The polycarbonate and steel batons can extend to about twice the length of the wooden models.
Three forces are currently testing other models, including long rigid truncheons and telescopic batons. The ultimate decision about which to use rests with each chief constable, although they will take account of the views of the Home Secretary and the police authorities.
The decision in London has yet to be made, but Mr Howard, as police authority for the capital, is in favour of the side-handled variety and has given permission for the Metropolitan Police to use them.
The new models have been criticised for being an offensive, rather than a defensive, weapon. The previous Home Secretary, Kenneth Clarke, refused to allow testing of the side-handled baton after it was seen used in the video-taped beating of Rodney King, which triggered the Los Angeles riots.
However, Mr Howard now believes the public will accept a change. This follows a survey which found that 70 per cent of the public approved of the side- handled baton.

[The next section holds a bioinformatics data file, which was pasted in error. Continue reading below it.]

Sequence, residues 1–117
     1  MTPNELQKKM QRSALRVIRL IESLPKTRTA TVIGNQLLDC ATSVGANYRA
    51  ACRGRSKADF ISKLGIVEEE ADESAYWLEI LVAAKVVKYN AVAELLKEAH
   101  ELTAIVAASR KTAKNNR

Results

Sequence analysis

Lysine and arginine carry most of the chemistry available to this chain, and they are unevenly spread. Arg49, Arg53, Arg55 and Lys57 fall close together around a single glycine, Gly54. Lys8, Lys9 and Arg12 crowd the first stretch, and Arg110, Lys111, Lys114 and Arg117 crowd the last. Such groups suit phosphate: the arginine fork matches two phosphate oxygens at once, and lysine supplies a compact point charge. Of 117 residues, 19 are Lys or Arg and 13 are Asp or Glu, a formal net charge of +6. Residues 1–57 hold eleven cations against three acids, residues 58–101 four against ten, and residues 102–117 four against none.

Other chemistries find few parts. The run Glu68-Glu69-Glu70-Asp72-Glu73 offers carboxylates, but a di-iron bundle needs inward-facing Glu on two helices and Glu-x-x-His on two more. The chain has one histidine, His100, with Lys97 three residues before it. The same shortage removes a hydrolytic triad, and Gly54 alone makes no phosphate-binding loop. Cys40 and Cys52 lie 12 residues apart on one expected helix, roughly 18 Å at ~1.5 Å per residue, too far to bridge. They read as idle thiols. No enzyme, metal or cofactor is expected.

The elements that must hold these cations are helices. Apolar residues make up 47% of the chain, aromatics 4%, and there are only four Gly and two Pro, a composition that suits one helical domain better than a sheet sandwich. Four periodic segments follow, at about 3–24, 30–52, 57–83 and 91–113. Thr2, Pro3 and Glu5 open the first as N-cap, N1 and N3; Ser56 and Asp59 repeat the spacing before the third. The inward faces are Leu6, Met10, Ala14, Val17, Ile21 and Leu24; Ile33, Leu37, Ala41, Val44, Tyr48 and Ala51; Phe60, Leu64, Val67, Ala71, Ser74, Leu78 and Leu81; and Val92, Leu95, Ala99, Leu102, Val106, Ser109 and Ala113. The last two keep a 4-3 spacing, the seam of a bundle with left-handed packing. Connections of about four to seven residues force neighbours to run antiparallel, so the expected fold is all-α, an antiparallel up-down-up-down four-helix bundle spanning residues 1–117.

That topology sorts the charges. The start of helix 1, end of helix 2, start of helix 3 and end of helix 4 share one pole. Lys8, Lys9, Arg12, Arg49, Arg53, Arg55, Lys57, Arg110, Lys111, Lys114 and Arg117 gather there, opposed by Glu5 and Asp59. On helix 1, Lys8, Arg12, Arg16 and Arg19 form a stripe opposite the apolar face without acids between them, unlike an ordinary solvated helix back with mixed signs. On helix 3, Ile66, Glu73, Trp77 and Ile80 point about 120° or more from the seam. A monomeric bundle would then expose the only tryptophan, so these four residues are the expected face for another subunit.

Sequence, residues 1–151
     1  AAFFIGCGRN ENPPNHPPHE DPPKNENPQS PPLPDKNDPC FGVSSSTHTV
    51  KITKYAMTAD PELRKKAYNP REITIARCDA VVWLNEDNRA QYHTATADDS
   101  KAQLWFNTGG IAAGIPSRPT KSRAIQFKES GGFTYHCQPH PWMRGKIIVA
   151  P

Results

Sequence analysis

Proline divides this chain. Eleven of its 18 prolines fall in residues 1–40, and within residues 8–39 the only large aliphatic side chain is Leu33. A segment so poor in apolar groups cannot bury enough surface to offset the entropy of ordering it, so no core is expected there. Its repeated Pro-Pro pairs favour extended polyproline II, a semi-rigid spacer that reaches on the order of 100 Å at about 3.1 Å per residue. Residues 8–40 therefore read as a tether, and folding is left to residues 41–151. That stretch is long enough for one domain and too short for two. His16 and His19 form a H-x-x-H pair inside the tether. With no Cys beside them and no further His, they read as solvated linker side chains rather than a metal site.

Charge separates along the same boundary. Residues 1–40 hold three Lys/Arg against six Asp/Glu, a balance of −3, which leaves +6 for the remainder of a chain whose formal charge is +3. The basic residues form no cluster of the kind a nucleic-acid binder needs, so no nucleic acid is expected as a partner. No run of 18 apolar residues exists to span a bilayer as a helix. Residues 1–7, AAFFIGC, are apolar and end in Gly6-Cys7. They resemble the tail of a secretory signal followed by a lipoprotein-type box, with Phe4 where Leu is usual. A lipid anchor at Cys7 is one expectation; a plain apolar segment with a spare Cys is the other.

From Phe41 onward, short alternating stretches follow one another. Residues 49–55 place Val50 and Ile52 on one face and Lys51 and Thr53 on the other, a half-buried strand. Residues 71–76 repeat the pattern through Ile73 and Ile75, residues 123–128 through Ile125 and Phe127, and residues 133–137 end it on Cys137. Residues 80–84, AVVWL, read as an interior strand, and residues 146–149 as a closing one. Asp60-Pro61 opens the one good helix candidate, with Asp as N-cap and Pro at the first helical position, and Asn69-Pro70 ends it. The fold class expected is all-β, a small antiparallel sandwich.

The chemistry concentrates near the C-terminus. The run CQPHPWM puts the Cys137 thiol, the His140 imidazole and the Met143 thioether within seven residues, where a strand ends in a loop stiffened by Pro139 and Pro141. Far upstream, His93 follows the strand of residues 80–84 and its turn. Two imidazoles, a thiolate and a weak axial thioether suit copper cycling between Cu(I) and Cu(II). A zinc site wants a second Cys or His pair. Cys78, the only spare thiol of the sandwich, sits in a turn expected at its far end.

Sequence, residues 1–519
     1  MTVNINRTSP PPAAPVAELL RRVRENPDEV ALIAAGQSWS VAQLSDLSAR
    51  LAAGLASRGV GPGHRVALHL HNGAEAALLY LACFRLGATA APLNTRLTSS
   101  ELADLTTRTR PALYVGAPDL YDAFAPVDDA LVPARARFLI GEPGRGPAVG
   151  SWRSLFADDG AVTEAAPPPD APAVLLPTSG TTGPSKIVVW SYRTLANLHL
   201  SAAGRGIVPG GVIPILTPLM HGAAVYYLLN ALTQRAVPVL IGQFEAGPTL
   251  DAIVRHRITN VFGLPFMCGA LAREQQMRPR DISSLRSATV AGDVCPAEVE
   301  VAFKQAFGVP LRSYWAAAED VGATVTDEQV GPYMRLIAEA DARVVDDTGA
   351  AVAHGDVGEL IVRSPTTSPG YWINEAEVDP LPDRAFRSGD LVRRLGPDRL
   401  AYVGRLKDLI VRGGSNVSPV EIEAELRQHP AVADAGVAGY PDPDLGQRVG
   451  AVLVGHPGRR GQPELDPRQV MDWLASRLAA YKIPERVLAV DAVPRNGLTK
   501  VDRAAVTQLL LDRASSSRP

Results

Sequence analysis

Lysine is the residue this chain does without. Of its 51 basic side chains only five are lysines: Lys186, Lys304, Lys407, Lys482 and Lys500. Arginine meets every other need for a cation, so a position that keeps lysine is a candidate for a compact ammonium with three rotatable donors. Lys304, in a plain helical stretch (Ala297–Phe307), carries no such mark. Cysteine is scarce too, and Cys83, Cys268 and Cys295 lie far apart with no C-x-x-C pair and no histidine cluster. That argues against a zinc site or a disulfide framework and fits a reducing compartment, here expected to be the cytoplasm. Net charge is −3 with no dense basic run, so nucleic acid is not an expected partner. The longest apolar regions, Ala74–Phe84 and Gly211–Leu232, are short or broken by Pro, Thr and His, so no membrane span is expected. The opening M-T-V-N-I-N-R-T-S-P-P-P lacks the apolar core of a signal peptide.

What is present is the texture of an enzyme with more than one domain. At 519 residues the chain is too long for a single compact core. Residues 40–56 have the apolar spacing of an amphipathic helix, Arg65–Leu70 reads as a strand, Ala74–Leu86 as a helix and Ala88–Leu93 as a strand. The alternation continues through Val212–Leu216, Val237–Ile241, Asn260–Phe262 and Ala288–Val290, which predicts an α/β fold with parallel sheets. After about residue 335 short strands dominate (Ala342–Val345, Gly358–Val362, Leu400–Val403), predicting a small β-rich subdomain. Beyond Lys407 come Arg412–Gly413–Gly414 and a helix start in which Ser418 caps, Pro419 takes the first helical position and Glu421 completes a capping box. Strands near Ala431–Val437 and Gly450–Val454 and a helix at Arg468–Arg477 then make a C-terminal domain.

Last year there were about 18,000 assaults on officers. The side-handled baton is slightly shorter than the traditional truncheon but extends, with a flick, to 2ft. The side handle makes it a useful defensive weapon against knife attacks, and it is stronger than the traditional truncheon.
The baton was tested by 13 forces between March and May. A further month's trial of alternative models is taking place in three forces, including the Met. The results will be considered by the Association of Chief Police Officers next month.
Avon and Somerset Police became the first force to start using replacements in January, choosing the ASP, a straight metal baton which extends from 7in to 21in.
Explaining his decision, Mr Howard said: 'The police trials have proved the expandable side- handled baton is an effective and popular piece of kit. They show that the public do not find the sight of officers carrying these batons unacceptable.
'We ask the police to do a difficult and dangerous job, often putting their own lives at risk to help others. We must give them the protection they need.' Both Acpo and the Police Federation, which represents rank and file officers, said they welcomed Mr Howard's decision. Fred Broughton, chairman of the federation, said that every force should now adopt a replacement truncheon.
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